Magazine April 22, 2019, Issue

The Forgotten Americans Who Died Fighting Communism

Polar Bear Memorial at White Chapel Cemetery in Troy, Mich. (Image via Wikipedia)
Remember the Polar Bears

Troy, Mich. — At sunrise, following a sleepless night of trudging through the cold swamps of northern Russia, a couple of men from Detroit made breakfast. Corporal Morris Foley and Private Bill Henkelman brewed tea and opened a can of corned beef. As Foley prepared to finish the last of the beef, Henkelman spoke up: “Let’s save enough for after while.” Foley refused. “There might not be no after while.”

It turned out there wasn’t, at least not for Foley. Later that morning — on September 20, 1918, by the village of Seltso on the Dvina River — his company formed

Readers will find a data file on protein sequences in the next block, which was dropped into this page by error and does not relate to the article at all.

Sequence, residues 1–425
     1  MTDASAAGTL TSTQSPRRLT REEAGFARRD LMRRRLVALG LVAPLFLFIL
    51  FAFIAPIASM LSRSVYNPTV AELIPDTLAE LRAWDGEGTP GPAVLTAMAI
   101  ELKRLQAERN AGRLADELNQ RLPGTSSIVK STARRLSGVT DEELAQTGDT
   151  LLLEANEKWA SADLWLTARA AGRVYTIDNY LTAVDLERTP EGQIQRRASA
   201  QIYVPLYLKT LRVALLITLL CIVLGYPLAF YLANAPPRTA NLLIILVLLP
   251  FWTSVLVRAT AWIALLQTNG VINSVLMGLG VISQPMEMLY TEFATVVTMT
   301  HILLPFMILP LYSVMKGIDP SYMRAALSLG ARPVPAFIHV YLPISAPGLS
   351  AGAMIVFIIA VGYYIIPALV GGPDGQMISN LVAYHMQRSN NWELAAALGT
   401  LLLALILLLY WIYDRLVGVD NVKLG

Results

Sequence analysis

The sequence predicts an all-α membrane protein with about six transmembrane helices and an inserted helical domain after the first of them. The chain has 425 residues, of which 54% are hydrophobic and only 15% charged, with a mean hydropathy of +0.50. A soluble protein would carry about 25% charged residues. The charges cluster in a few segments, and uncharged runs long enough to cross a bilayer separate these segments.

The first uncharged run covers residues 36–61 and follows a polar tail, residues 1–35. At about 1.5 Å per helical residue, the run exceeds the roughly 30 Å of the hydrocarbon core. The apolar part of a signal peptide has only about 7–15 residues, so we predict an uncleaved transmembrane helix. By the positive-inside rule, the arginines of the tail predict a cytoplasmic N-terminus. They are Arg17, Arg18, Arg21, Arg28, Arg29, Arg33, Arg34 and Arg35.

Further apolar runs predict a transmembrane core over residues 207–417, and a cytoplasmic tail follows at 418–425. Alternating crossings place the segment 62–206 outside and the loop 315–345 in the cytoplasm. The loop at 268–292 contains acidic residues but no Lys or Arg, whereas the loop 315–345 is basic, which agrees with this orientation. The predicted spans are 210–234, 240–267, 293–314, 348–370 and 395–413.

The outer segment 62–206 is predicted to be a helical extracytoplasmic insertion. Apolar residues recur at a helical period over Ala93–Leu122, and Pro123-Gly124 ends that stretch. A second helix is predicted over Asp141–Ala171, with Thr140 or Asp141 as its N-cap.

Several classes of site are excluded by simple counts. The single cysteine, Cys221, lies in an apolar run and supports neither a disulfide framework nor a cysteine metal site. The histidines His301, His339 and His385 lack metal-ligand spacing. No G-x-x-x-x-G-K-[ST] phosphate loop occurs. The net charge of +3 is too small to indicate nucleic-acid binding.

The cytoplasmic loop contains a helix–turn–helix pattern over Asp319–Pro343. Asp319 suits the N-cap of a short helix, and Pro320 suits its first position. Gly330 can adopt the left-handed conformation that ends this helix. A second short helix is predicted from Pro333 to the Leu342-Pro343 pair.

This article appears as “Remember the Polar Bears” in the April 22, 2019, print edition of National Review.

John J. Miller, the national correspondent for National Review and host of its Great Books podcast, is the director of the Dow Journalism Program at Hillsdale College. He is the author of A Gift of Freedom: How the John M. Olin Foundation Changed America.

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Readers write in on Patrick T. Brown’s essay on parenting and Jack Fowler’s piece on Mark Janus.

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